Flu season continued to strengthen in the past week, with the statewide death toll tripling and the number of confirmed cases almost doubling.
One of the deaths is drawing national attention because the victim, a 21-year-old from Pittsburgh, was an otherwise healthy bodybuilder who died within days of getting the flu.
Overall, the Pennsylvania Department of Health reported 12 new victims including one under age 19.
Doctors suggest that if you lose a lot of fluids, have a higher than normal fever or have difficulty breathing that you go to your local emergency room.
While most local hospital say the amount of patients has increased, only UPMC Farrell said they had a higher than normal amount of in patients.
Doctors warn that the Flu shot used this year is still helpful but many strains of flu including several cases of swine flu have occurred to spite the flu shots.
That brings the season total to 18, of which three were from Lancaster County.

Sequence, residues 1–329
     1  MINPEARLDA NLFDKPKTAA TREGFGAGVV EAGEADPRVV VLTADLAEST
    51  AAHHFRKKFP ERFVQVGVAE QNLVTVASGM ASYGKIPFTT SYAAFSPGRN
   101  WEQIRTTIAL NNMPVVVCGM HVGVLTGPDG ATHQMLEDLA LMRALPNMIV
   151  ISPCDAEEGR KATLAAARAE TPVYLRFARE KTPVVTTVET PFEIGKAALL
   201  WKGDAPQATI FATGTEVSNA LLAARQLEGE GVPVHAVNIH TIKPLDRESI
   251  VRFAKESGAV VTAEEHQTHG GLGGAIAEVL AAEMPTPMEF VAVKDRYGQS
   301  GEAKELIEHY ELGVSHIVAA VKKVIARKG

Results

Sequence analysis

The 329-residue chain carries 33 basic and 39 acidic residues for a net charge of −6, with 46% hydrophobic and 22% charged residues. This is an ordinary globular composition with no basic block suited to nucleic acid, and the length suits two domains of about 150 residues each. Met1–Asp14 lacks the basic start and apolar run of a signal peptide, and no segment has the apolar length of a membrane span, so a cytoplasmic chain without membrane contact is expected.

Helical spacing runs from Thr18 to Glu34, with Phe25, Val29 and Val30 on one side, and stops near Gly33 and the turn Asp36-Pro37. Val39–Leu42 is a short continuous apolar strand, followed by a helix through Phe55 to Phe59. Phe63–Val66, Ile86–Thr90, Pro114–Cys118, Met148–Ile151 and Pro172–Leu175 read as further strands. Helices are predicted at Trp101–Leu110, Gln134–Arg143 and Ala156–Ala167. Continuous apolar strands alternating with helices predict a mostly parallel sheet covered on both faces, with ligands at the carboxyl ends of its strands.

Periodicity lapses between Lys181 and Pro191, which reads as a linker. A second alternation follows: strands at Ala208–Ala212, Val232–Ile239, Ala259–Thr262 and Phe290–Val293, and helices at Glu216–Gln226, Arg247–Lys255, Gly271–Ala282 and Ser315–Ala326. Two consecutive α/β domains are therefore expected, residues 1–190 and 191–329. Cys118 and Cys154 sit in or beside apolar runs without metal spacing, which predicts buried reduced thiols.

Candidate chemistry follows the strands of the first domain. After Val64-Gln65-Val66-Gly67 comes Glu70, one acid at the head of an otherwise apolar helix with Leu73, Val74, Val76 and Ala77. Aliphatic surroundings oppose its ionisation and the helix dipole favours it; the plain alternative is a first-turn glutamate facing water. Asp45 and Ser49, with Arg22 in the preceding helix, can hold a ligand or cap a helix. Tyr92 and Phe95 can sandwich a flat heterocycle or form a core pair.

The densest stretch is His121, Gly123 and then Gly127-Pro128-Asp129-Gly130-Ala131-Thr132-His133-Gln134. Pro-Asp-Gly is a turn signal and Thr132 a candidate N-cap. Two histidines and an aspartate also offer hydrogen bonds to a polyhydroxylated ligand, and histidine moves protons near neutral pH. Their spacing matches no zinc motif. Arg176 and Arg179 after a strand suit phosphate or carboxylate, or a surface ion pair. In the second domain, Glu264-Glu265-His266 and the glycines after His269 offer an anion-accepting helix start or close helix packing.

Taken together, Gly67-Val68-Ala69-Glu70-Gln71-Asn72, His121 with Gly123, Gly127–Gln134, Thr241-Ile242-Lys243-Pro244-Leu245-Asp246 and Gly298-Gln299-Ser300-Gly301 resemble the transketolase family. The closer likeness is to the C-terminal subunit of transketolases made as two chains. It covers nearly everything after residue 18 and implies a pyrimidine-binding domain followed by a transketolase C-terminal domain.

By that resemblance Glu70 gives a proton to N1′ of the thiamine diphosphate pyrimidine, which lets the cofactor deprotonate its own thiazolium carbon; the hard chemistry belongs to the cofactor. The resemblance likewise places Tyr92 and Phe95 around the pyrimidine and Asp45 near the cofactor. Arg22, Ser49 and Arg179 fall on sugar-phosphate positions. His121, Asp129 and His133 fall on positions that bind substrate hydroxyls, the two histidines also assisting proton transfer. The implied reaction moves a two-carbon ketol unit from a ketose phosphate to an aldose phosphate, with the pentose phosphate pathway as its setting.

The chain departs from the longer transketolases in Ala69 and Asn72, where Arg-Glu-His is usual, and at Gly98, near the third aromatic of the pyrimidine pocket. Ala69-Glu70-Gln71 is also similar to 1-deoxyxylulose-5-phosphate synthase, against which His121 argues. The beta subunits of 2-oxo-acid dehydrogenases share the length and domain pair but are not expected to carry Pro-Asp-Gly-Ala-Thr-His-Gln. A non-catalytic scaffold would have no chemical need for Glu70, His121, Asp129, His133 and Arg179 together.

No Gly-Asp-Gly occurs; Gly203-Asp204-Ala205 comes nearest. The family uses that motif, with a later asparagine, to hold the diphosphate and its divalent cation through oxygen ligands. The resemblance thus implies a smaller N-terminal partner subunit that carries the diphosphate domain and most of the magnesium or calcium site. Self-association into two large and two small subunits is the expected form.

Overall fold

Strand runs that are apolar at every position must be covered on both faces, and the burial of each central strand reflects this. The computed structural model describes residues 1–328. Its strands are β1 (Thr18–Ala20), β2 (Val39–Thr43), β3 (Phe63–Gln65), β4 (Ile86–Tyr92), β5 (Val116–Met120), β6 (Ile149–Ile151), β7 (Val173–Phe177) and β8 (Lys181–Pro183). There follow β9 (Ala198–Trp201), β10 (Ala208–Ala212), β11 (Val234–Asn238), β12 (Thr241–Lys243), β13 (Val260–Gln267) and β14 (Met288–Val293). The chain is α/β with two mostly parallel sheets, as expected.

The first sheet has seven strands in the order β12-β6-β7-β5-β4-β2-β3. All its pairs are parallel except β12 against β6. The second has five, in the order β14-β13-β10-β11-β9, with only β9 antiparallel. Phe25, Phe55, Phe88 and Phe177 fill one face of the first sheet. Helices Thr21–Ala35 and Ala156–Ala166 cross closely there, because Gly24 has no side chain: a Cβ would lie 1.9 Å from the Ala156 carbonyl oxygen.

As LNP previously reported, the first two victims here were women in their 90s, according to Lancaster General Hospital.
UPMC Pinnacle spokeswoman Kelly McCall said Wednesday that the third was a man in the 65+ age range.
Last year’s flu season was one of the deadliest in recent memory here, with 148 deaths statewide, including at least 12 in Lancaster County.
The U.S. Centers for Disease Control and Prevention has described this flu season as “moderately severe,” due in part to the prevalence of the H3N2 strain that typically causes higher rates of hospitalization and death.
The state’s running tally of confirmed cases shows more than 5,300 in the past week, bringing the statewide total to 11,530.
Locally, the tally rose from 210 to 392.
Experts say the total is actually much higher, as not nearly everyone who has the flu gets tested.
Nationwide, the flu is coming at a bad time for hospitals struggling to manage a shortage of the sterile saline solution used in IVs. It has long been in short supply, and then in became even harder to get after Hurricane Maria closed a manufacturing facility in Puerto Rico in September.
The U.S. Food and Drug Administration said recently it believes shortages will start to ease over the next few weeks.